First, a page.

Further reading for parents:

internet matters.org

NSPCC Online Safety


Monday, 4 December 2017

Someone to Talk To

For some reason, Friday's are always a very difficult day of the week for me. The worst day of the week in fact. I know, it's crazy, for everyone else it's generally the best day. Not so for me. Friday's are mostly spent in a constant state of tearfulness (again, I do believe I have created a new word).

By the time dinner came round this Friday, I didn't have the energy to cook, so Mr. Domino's did it for us and I began to feel just a little bit calmer, and really quite optimistic. Who can possible be sad over pizza, especially when there's no cooking to do! Well apparently, that would be myself. Oh my goodness, what an absolute bloody loser, honestly, I am, I know it, please do not try to humour me by saying otherwise.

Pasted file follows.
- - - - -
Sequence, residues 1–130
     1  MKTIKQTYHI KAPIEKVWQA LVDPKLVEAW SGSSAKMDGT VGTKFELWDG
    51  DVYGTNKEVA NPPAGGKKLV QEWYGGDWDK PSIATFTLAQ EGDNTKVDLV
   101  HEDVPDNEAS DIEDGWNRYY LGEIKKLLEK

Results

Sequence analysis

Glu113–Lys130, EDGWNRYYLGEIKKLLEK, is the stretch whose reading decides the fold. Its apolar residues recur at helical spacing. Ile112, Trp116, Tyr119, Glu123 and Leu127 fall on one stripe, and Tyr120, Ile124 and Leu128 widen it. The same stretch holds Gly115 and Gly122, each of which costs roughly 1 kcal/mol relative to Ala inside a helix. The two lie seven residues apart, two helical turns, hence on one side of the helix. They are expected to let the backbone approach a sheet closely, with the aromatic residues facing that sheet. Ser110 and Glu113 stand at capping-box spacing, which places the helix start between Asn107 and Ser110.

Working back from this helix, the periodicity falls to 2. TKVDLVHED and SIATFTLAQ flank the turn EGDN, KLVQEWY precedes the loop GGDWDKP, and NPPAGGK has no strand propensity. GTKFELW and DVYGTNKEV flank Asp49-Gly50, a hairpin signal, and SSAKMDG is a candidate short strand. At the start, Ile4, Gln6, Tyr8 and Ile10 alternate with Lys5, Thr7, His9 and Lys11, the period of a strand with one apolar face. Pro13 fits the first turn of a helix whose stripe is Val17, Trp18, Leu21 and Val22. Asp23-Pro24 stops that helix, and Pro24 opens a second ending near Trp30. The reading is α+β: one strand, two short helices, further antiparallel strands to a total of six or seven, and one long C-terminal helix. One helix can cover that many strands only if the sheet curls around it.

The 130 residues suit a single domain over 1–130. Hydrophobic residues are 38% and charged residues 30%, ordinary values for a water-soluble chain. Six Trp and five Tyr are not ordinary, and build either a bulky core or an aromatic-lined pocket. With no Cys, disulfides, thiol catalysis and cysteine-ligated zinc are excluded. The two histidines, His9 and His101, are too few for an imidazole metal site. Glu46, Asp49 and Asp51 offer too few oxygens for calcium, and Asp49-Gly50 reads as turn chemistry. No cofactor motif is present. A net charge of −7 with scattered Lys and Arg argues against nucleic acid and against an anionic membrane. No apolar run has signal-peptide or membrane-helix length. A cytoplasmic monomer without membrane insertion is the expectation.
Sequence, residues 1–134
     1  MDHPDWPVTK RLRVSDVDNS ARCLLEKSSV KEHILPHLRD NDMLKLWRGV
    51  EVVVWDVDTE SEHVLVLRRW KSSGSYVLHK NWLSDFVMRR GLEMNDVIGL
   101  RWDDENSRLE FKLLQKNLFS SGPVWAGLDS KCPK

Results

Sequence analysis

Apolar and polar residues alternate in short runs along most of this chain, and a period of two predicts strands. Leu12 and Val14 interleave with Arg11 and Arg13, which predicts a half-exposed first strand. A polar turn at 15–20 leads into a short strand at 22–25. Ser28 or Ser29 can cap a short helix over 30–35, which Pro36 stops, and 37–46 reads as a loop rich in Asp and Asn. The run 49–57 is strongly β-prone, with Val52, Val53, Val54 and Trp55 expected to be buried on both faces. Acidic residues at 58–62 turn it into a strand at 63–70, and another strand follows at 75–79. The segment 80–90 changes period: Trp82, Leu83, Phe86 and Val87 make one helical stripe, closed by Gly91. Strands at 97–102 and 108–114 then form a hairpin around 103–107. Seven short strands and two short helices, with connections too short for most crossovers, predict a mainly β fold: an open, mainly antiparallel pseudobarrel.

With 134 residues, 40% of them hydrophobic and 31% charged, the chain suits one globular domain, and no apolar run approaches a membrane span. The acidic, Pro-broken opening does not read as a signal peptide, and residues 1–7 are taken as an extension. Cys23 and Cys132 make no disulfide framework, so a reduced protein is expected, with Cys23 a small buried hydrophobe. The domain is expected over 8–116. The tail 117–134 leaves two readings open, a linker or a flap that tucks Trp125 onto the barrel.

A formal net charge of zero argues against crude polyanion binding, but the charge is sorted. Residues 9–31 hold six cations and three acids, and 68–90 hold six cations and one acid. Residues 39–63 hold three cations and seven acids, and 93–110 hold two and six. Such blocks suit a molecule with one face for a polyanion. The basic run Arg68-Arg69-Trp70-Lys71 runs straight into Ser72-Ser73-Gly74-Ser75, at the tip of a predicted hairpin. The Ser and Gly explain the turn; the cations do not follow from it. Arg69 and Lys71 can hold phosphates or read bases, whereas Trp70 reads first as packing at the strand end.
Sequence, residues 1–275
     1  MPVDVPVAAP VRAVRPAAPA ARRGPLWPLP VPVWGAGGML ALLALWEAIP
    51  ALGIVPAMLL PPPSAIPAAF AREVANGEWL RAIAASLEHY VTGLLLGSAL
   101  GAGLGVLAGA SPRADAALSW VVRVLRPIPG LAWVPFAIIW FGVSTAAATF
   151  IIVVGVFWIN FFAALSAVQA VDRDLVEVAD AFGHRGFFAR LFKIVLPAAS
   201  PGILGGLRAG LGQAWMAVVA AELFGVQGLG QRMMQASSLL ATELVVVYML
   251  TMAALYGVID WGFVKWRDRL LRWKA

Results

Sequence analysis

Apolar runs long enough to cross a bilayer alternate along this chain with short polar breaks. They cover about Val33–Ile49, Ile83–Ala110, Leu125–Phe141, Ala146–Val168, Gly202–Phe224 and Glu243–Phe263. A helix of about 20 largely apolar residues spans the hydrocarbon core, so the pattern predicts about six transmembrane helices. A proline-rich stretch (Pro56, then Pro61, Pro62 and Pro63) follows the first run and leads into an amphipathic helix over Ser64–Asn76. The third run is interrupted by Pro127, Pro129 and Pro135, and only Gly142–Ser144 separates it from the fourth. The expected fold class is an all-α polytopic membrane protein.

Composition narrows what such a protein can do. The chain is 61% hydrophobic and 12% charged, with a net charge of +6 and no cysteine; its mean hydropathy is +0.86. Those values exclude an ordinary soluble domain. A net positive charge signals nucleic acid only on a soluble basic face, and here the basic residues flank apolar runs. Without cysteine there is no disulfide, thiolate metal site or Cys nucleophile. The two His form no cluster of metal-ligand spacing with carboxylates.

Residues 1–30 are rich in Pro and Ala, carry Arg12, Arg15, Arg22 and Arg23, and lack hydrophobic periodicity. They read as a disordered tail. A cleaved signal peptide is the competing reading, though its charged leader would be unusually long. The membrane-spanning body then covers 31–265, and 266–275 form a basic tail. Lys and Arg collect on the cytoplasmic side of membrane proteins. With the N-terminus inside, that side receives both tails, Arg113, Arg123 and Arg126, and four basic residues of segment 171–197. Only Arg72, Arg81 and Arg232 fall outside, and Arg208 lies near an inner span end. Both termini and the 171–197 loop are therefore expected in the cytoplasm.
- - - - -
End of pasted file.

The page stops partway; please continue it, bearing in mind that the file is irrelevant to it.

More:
Sunday, 3 December 2017

Stop Before You Knock

Please, please people, would you stop and think before you act. Would you stop and think, is this really a major issue, that I need to address, or could I just deal with it in a quieter way. And, if you do decide to make a big deal of something, would you please at least stop and listen.

This afternoon, Miss. L took the dog out for me. She's been doing so for the past couple of months. She's being doing so, because my anxiety won't let me get to the top of the road before it kicks in and sends me racing back to the safety of my home. I cannot walk the dog.


Wednesday, 29 November 2017

Celebrating Wednesday's #28